Examining solutions to the missingness issue in meta-analysis

Published on by Ciara Keenan
Statisticians are often met with a dataset which has missing data across potentially important study characteristics. If the data were complete, effects can be estimated in a controlled way, using techniques analogous to weighted-least squares multiple regression analysis. However, where data are missing and the dataset is incomplete, statisticians have two options: 1) drop the studies which are missing data from the analysis or 2) drop the study characteristics that are missing data. This becomes an untenable solution for many as the missingness often occurs in variables which the methodologist believes may be covariates associated with the magnitude of treatment effect. This study forms part of Dr Ciara Keenan’s master’s degree in Biostatistics. Ciara's masters is being supervised by Professor John Newell, School of Mathematics, Statistics and Applied Mathematics in NUI Galway and will be conducted in four stages. Stage one will be to complete and share a protocol for a systematic review on the available literature related to missingness in meta-analysis. Stage two will be to complete a systematic review on the available literature related to missingness in meta-analysis. The information uncovered will be summarised narratively and provide an overview of current understanding and gaps in evidence. Stage three will be to develop a shiny app which interested users can access. The app will allow users to simulate missing values in a dataset using three types of missingness: 1) missing at random (MAR) 2) missing completely at random (MCAR) 3) not missing at random (NMAR) Stage four will be to test various imputation techniques on a simulated dataset. These techniques will be based on the information uncovered in stage two and will be the imputation methods most used in meta-analysis. The objective of this final study is to ascertain which imputation method is most useful for the three types of missingness outlined above.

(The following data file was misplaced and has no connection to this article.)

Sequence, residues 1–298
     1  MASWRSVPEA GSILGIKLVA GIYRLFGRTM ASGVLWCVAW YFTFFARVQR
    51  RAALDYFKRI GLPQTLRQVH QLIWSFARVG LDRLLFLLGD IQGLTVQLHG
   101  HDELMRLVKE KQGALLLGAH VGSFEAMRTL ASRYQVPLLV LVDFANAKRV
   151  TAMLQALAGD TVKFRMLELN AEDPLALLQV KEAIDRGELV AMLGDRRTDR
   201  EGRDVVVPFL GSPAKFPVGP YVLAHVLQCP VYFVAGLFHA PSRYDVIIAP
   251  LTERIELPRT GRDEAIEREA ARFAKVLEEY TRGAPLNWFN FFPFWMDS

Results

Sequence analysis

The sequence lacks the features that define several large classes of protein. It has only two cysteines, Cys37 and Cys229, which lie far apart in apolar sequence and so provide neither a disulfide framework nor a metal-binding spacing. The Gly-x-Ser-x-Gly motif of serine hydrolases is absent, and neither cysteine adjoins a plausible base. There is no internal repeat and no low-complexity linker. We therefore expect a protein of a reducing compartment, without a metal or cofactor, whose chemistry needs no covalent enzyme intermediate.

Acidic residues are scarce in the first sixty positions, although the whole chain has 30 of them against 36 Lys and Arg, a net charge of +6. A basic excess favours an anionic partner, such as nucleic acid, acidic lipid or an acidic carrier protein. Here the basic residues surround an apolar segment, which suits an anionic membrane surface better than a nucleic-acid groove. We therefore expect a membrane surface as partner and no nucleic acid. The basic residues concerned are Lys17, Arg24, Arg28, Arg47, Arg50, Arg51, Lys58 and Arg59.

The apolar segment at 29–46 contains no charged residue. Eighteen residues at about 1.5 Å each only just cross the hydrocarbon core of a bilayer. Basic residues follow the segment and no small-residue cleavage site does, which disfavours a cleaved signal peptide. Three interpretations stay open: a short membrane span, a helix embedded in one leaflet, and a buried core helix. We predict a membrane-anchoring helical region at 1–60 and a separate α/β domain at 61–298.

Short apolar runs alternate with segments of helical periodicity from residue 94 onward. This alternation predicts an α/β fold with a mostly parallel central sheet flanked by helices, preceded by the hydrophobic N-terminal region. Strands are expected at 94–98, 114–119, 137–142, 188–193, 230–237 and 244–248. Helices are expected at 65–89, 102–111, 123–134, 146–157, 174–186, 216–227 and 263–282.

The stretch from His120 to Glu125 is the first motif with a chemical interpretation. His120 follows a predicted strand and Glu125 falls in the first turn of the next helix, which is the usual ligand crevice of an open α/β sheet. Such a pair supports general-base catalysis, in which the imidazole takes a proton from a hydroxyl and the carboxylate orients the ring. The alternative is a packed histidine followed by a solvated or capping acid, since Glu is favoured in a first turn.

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Funding

Dr Ciara Keenan's Biostatistics masters is funded by Evidence Synthesis Ireland which is an all-Ireland initiative funded by the Health and Social Care, Research and Development (HSC R&D) Division of the Public Health Agency in Northern Ireland and the Health Research Board (HRB) in Ireland.

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